What you need to know:
- The second facet is where the adolescent is trying to take on more responsibility for themselves, thereby becoming less dependent on their parents.
- They move away from the family unit and lean more towards their peers.
- When this separation happens, some parents might feel like their children are withdrawing from them and becoming distant
The first time she allowed her eldest daughter to spend the night out with friends, Alice was quite nervous. Yet when her youngest child ran out the door when she reached adulthood, she didn’t feel the same way at all. By that time, Alice had realised that freedom is part of growing up, and that she needed to trust her kids.
Trust. Letting go. Boundaries. Freedom. These are very important elements to any parent with a tween or teen in the house.
“In my experience, a child who knows he is trusted at home will be less likely to break the trust,” she says.
Research shows that adolescents who enjoy some sort of controlled freedom at home record lower levels of depression. They are also less likely to develop anti-social behavior. This shows that parents should avoid micron managing their children.
So, what is independence and how can parents allow their adolescent children the freedom they need without compromising on the set boundaries?
Independence consists of two facets, the first being separation, both the physical separating, when adolescents are spending more time away from home and without adult supervision, and emotional separation from parents.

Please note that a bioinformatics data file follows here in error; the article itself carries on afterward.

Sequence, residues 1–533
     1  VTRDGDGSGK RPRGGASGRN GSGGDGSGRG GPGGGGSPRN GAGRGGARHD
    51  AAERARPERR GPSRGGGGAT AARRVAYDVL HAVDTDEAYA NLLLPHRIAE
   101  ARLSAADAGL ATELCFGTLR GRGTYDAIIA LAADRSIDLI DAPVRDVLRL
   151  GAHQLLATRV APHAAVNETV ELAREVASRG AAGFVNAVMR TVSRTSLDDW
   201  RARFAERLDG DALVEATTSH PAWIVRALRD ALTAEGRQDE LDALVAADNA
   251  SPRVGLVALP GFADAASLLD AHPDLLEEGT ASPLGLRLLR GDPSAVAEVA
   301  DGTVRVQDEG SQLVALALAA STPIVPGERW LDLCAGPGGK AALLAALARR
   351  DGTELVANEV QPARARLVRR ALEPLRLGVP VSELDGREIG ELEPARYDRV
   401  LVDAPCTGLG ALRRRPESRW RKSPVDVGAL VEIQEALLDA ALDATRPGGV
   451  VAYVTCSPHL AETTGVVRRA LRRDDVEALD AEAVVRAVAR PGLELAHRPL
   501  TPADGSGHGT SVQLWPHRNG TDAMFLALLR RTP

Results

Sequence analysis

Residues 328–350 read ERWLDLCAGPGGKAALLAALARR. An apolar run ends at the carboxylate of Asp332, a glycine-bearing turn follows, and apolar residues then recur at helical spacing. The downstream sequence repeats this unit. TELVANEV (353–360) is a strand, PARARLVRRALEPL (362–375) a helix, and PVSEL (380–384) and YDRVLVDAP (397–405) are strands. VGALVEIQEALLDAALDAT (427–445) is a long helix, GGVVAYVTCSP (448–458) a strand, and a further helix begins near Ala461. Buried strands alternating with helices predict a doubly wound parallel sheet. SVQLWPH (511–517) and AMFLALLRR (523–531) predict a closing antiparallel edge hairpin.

The second facet is where the adolescent is trying to take on more responsibility for themselves, thereby becoming less dependent on their parents. They move away from the family unit and lean more towards their peers.
The study suggests that girls who were granted independence by both mothers and fathers had lower depressive mood disorders, whereas boys who achieved autonomy from their mothers found it easier to handle life challenges.
When this separation happens, some parents might feel like their children are withdrawing from them and becoming distant, or that they are losing their control over their children. Many actually view this change as a loss, yet it is normal, and in fact a sign of positive development.” says Alice.
What parents should do at this stage of their child’s development is to support the change.
“As humans, we all desire to have an element of control over our lives. That is what adolescents crave.”
“I had so many disagreements with my adolescent daughters which messed our relationship because they began to question my authority. They started to fight against the rules in our home,” she says
Alice says that the rebellion is normal, adding that, “Parents don’t want children who are going to be conformists throughout their lives. If they don’t do it at home, where else are they going to learn to question things in the security of the h9me environment?”
Deciding just how much freedom to give can be a challenge, but you have to make the decision. You can allow a child quite a lot of psychological autonomy while still maintaining strict rules at home.
Some things, especially those that touch on safety, are just not open to negotiation. And Alice believes that when this is properly communicated, adolescents are likely to adopt such rules.
However, they are less likely to see why parents should control things such as what time they have their meals, what they eat, their choice of clothing, how they organise their bedroom, who their friends are or where they hang out with their peers.
Alice encourages parents to look for ways to give adolescents freedom in a safe way.